Comparisons of sorts:
Complete Opera: Leonard Bernstein conducting the Metropolitan Opera Orchestra and chorus. Marilyn Horne, James McCracken, Tom Krause. DG 427440 (nla?)
Truncated, English version: Leopold Stokowski conducting the Hollywood Bowl Symphony 11 July 1946. Winifred Heidt, Ramon Vinay, James Pease. Eklipse 31
Orchestral Segments: Leopold Stokowski conducting the National Philharmonic Orchestra 1977 CBS MYK37260 (AAD)
Years ago I was listening to the local PBS station and happened upon a synopsis of this opera. It was "delivered" by Andy Griffith, using his best "good-ole' boy" hick accent. I was laughing so hard I almost had to pull over. What was really funny was that he "got" the story line beautifully. Wish I could find that piece today.
Anyway, Carmen is the first opera I ever saw that I liked. My first experiment was La Traviata and that almost was my last. A few months later, however, I went to the theater and watched the film version conducted by Mazell and starring Migenes-Johnson and Domingo. I actually liked it and the image it conveyed of Carmen still is the one I tend to use as a defining one. Her Carmen was earthy and real. She was full of spit and vinegar.
For a few years I have had the Bernstein recording in my collection. For some reason, however, I didn't like it. The arrival of this Beecham recording has afforded me the opportunity to revisit Bernstein and Stokowski, too. It has been a most enlightening experience and here I am sharing it with you. Man, that sounds pretentious.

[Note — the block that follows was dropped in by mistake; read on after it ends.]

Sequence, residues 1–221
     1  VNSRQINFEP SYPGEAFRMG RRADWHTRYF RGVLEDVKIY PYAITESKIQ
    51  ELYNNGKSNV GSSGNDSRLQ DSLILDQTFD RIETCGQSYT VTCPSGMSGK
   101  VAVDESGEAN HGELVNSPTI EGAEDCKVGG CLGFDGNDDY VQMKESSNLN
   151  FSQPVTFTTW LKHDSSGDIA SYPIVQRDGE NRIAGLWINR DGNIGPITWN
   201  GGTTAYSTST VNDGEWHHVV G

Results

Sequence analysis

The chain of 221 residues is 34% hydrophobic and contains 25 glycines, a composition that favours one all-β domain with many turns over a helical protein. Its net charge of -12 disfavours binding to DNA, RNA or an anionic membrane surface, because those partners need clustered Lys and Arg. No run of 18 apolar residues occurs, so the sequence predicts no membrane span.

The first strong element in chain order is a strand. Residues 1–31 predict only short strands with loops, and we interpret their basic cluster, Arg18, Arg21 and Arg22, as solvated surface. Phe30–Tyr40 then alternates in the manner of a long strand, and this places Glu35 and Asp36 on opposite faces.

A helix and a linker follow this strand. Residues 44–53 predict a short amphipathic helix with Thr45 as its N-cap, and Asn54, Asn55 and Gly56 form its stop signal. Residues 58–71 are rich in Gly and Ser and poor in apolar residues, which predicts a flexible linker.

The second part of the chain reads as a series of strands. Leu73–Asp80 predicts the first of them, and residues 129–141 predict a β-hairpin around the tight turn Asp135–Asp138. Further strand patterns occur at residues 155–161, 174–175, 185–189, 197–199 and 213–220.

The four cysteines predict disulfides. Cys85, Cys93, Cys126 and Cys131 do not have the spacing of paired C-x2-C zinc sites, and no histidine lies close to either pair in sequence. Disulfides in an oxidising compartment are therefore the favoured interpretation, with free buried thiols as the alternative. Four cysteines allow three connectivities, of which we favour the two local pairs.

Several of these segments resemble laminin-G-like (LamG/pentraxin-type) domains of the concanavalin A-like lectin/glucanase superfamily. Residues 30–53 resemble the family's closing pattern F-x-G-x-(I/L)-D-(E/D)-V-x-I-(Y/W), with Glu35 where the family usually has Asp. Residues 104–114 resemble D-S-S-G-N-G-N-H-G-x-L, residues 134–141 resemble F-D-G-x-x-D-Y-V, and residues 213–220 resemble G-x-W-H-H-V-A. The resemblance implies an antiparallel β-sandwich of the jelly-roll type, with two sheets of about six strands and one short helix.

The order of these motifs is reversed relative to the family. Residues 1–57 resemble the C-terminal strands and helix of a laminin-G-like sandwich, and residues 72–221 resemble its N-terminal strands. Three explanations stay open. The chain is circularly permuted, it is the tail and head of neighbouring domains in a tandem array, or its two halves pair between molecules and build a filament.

I won't pretend to be an opera critic. After several listenings to all of the above, I am not going to tell you that any one or the other is a classic performance. My pool is too small. I can say that I enjoyed the Beecham more so than Bernstein. Lenny sounds just too calculated, though I love his Carmen. Beecham is more of an MGM production. I can see Olivia de Havilland and Errol Flynn in the roles. It is a musical performance. The insert notes offer a fascinating discussion of the recording and you will be able to find out how later recordings, like Bernstein's, differed in context. Okay, the EMI notes tell us more about Beecham than Bizet, but the person who purchases this set will likely not be using it as an introduction to the work. I considered quoting several passages from the notes in this review, but you can read for yourself. It is well worth it.
I listened to Stokowski because I had this itch in the back of my mind that his recording was more exciting than either Beecham or Bernstein. The CBS (now Sony) AAD CD of orchestral excerpts confirmed this memory immediately. My God! I can imagine singers muttering, "If he thinks I can sing that fast, he's nuts!" It IS exciting, it is passionate, it is earthy. So, I wondered if, in fact, Stokowski took that pace in his modified, English version with the Hollywood Bowl Symphony Orchestra. Now, I listened just a bit, mainly to get an idea of the tempo used. It is, in fact, as neck-breaking as the orchestral disc. I wish someone would properly master this recording so that I can truly judge the overall quality. Unfortunately, the transfer is so bad that the orchestra sounds like a bunch of kazoos. Don't even try to imagine how the soloists sound.
My current experience with the opera is somewhat more sophisticated than Andy Griffith, or maybe not. I can say that I enjoyed Beecham, as usual. Sir Thomas was one of the giants of the era of conductors. Some people may quibble that this is not a GROC, but I would quibble back. I like it more than Bernstein. The EMI remasterings are good, the sound is very "natural" and better than the spot-lit Bernstein. Beecham's is a musical performance, more so than Lenny. I am also sure it will offer an educational experience for listeners as they look at comparisons and contrasts. Learning is good.
Copyright © 2001, Robert Stumpf II